December 13, 2012


As we wait and prepare for Christmas, anticipating the coming of Jesus into the world, I’ve been reflecting on what this time, these weeks before she delivered her child, were like for Mary. I can’t help but think that her experience of late pregnancy would not be completely unrecognizable from what we know today. She was free from sin certainly (and therefore the pains of childbirth), but not exempt from every other aspect of our human experience. She was a young woman very soon to become a mother. What were these final days like for her?
Mary probably felt physically uncomfortable and unwieldy; the way her body moved unfamiliar and strange. Did she tire more easily? Did she feel emotional, sentimental? Did she think ahead to the years to come as her child grew, imagining how he would look, the sound of his voice? Did she and Joseph share a smile when they saw young boys playing in the street? Would she encourage Joseph to feel the baby move in her womb? Did she stop at moments during the day, hand on her belly, focusing on the child as he turned over or got the hiccoughs? Did Joseph rub her lower back for her or massage her feet?


Would she be turning inward now, very aware of the life she carried under her heart, preparing for the moment to come when she would at last hold the infant in her arms?


Like every mother, I’m sure she would have wanted to have her home ready for her child; hoped for wise and encouraging faces around her to help while delivering her child, and afterward as she became accustomed to new motherhood. Instead she found herself on the back of a donkey, leaving her home for a strange town, travelling dusty roads for a week or more, uncertain of having lodging when they finally arrived in Bethlehem.

Was Mary overwhelmed or disappointed by her less than ideal circumstances? I don't think that was the case. In the first Advent, as throughout the rest of her life, Our Lady shows us it is possible to trust in God's Providence - even when we are asked to make a difficult journey, and even when there are no rooms at the inn. We have in her a perfect example of doing our duty of the moment with a joyful heart.



Blessed Mother of the Christ Child, beloved mother of us all, you brought hope and salvation into the world through obedience and humility. Thank you for your Yes to God.  Thank you for loving Our Lord as an infant, guiding Him as He grew into a man, and comforting Him in His suffering. We unite our hearts to yours in preparation for the coming of Jesus.  By imitating your motherhood, may Christ be born anew in our hearts this Christmas. Amen.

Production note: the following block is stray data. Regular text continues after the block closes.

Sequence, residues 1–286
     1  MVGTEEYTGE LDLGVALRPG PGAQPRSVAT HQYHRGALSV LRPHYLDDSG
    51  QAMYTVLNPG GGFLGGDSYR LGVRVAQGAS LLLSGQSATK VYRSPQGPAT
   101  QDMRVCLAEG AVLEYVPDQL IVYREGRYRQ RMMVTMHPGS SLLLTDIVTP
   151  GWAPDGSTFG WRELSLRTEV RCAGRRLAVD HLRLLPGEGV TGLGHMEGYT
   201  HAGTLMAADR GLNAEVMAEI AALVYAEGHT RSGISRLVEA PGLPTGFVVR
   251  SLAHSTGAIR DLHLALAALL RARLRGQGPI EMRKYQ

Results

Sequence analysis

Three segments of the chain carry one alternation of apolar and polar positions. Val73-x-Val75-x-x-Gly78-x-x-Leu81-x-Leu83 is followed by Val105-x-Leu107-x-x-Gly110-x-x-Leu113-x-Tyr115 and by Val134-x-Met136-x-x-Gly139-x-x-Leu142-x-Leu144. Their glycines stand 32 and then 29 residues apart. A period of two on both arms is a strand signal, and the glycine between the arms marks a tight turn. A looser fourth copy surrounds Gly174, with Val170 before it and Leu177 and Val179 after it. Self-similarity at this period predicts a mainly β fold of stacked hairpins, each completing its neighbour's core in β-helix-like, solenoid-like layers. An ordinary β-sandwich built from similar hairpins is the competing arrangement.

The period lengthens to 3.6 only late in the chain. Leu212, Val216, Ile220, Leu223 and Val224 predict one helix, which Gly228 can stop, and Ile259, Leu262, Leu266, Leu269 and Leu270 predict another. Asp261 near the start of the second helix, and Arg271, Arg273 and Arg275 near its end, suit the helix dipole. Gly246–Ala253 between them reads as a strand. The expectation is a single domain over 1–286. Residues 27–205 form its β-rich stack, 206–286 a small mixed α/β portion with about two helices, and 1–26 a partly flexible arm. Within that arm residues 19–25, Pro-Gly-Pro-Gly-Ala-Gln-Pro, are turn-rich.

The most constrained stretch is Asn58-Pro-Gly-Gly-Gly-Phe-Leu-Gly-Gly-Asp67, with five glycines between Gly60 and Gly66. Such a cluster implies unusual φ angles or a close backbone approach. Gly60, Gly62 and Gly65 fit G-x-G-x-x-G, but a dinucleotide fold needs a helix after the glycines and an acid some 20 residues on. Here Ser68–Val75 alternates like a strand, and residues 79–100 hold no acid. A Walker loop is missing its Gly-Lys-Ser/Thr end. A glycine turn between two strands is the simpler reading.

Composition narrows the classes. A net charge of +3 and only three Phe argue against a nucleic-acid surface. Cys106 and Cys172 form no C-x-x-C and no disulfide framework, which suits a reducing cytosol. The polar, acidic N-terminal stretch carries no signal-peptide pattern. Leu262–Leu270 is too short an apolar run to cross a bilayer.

3 comments:

  1. Thank you Tess for your wonderful and thoughtful reflection on Our Lady, it is a good reminder as we prepare for Christmas. We are so blessed to have a special mother!
    God bless,
    Frances

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  2. Great meditation Tess. You drive the point home that though we may be in awe when we contemplate Our Lady and the Saints, they were human also. They had the same anxieties, worries, hopes and fears that we all share. I remember when my firstborn came into the world and the day came to take him home and still, we had no crib for him. I had one on order and it had not arrived yet so I improvised. I emptied one of my dresser drawers, filled it with a thick folded blanket, placed it on a table next to my bed and laid my son in it. It worked perfectly but I remember asking myself what kind of a father could I be if I couldn't even provide a proper bed for my firstborn and it hit me hard. Then I think of Joseph and Mary, on the road, home left behind and their son about to be born...God improvised. I'm sure Mary and Joseph asked themselves the same question on that night: what kind of parents are we going to be if we cannot properly provide for him on his first day among us? The more things change the more they stay the same. Thanks Tess.

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  3. Frances - thank you. And yes, Mary is a great gift to us, isn't she? I'm thinking about her a lot just now, the day after that unspeakable tragedy at the school in the US. Her mother's heart must be breaking for those poor families.

    OC - you proved yourself a good father right from the beginning. God provides what we need, doesn't He? Even a dresser drawer! I love the simplicity of that image, compared to the vast array of equipment that children seem to require today. What more do they need, really, than to be warm and safe and loved? I know you're embarking on a new stage of fatherhood now, and I pray it will be a time of great joy and blessing for you and your family.

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